13. Using Neutral Evaluation to Resolve Civil Disputes in Singapore
Making a Claim - The Beginning of a Dispute
  1. What is a Breach of Confidence and How to Prove It
  2. Victim of a Wire Fraud? Here’s What You Can Do
  3. How to File an Originating Claim in a Singapore Lawsuit
  4. How to Bring a Class-Action Lawsuit in Singapore
  5. Letters of Demand and Their Usages in Singapore
  6. Law on Writ of Summons in Singapore
  7. Received a "Without Prejudice" Letter? Here’s What It Means
  8. What if I Cannot Find the Party I Want to Sue?
  9. Filing a Claim with the Small Claims Tribunals in Singapore
  10. First Meeting With Your Business Dispute Lawyer: What to Expect
  11. Negotiating a Settlement in a Business Dispute
  12. Security of Payment Act: Claiming Progress Payments for Construction Work Done
  13. Engaging a Queen’s Counsel or King's Counsel in Singapore
The Litigation Process
  1. Can You Withdraw Your Court Case in Singapore?
  2. Wasting the Court’s Time and Resources: Legal Consequences
  3. Natural Justice Explained: Your Right to a Fair & Unbiased Hearing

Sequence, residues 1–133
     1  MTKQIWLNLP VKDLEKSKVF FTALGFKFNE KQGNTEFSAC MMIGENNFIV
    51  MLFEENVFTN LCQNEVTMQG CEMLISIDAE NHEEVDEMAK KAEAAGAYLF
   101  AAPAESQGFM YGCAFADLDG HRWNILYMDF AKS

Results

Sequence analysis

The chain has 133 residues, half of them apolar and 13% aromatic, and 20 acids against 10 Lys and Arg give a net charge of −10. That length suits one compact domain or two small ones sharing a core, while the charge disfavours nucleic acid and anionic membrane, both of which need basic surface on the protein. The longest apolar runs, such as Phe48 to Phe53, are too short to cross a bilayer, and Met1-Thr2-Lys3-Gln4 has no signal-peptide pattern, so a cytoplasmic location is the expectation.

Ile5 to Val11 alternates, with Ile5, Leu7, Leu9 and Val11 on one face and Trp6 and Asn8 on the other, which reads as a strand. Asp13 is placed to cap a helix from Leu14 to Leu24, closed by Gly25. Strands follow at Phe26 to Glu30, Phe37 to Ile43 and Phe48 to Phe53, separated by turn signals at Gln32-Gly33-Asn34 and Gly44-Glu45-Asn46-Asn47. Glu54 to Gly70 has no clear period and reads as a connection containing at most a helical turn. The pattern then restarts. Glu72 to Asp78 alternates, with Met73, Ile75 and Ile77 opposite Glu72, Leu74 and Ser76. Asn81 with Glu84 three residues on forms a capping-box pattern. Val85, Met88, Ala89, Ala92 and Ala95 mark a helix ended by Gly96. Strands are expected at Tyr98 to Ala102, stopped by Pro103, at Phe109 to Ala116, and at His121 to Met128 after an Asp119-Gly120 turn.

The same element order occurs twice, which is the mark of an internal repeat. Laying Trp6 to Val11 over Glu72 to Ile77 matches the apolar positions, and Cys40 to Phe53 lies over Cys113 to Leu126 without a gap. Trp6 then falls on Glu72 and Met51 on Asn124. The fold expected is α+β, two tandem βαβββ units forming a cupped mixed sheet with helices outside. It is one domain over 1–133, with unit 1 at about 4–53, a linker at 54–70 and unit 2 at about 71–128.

4. Civil Litigation: How to Sue in Singapore (Step-by-Step Guide)
  5. Originating Application: What It Is and How to File in Singapore
  6. Notice of Intention to Contest or Not Contest: What is It?
  7. Affidavits in Singapore: What Are They & How to Prepare One
  8. Default Judgments and Summary Judgments in Singapore
Matters relating to Witnesses and Evidence
  1. Can My Minor Child be Subpoenaed to be a Court Witness?
  2. Giving Evidence via Video Link in a Singapore Lawsuit
  3. Prima Facie: What Does It Mean and How to Establish
  4. Hearsay Evidence: Admissibility and Objection of It in Singapore
  5. Admissibility of Evidence in the Singapore Courts
  6. Subpoenaed to be a Court Witness in Singapore: What You Need to Do
  7. Who is an Expert Witness and How to Use Expert Evidence in Singapore
  8. Destroying and Tampering With Evidence in Singapore
  9. A Guide to Legal DNA Testing in Singapore
Remedies Available for Civil Litigation
  1. Types of Injunctions in Singapore
  2. Specific Performance: Obtaining this Equitable Remedy in Singapore
  3. Judicial Review in Singapore: What is It and How to Apply
After the Lawsuit
  1. After the Lawsuit: Who Has to Pay Whom, and How Much?
  2. Enforcement of Court Judgments and Orders in Singapore
  3. How to Get an Order for Seizure and Sale to Enforce a Judgment